Dostoyevsky's Grand Inquisitor

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According to Dostoevsky’s Grand Inquisitor, freedom is a destructive tool that is used to corrupt societies by taking advantage of man’s weak and flawed nature. In other words, when people have the opportunity to make a choice, they are likely to make selfish decisions that will undermine the church’s efforts and lead to internal turmoil. He boasts that the Church has “vanquished freedom and have done so to make men happy” (Dovstoyevsky 4). Therefore, ideally, in order to create a world where everyone was happy, there must be complete authority without any freedom at all. In fact, the Grand Inquisitor’s job is not only to enforce the Church’s authority, but also to insure the abolition of freedom. This is why Jesus’ return is so offensive. He chose free will when tempted by the devil, refusing to end human suffering for the sake of liberty. The relationship between Jesus, Dostoevsky’s…show more content…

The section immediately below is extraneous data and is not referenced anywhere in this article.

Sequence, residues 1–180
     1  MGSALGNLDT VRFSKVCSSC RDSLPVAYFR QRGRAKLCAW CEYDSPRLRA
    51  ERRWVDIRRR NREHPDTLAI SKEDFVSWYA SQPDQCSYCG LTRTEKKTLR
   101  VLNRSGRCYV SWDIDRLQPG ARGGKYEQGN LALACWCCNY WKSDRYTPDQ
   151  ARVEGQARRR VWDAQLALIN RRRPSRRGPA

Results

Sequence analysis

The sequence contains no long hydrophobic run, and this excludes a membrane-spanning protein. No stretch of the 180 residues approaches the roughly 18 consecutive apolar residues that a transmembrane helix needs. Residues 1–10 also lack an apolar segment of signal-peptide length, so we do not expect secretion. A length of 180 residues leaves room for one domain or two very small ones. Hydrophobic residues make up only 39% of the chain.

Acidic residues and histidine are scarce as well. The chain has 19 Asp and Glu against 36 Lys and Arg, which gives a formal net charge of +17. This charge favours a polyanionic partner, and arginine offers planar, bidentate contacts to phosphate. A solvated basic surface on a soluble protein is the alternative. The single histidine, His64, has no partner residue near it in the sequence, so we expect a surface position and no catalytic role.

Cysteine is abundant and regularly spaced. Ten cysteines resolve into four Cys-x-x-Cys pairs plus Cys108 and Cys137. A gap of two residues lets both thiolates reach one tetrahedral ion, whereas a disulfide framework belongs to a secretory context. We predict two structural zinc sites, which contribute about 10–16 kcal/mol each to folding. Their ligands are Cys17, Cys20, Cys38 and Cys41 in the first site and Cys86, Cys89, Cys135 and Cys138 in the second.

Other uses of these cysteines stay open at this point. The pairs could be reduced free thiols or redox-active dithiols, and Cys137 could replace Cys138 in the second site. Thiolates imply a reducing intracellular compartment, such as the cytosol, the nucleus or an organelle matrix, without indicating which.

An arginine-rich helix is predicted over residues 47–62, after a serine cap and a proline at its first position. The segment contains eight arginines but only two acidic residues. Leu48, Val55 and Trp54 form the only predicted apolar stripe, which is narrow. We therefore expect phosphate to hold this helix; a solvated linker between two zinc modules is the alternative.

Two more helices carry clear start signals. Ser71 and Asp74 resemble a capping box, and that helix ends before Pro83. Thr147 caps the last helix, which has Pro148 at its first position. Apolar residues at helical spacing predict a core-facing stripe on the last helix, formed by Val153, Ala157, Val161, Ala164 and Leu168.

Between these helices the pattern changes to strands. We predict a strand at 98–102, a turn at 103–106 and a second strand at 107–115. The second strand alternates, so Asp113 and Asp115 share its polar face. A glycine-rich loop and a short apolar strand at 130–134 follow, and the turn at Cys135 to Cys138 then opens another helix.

Although I think that the arguments Dostoyevsky’s Grand Inquisitor provide an insightful outlook on humanity, I don’t believe that overall story expresses Dostoyevsky 's own point of view. This type of narrative may seem peculiar considering many existentialists’ convictions regarding free will and autonomy. Nevertheless, it is important to remember that the Grand Inquisitor is simply a fictional character. Therefore, the reader cannot attribute his characters’ beliefs to his own view. As an existentialist author, he uses this story to emphasize the absurdity surrounding this ideology present in his community. Specifically, the idea of the Church turning Jesus himself away in favor of their methodology is incredibly absurd, yet an astoundingly similar to the Russian worldview. Additionally, the apparent conflict between the Christian value of liberty and the preference of human happiness pose a unique juxtaposition of
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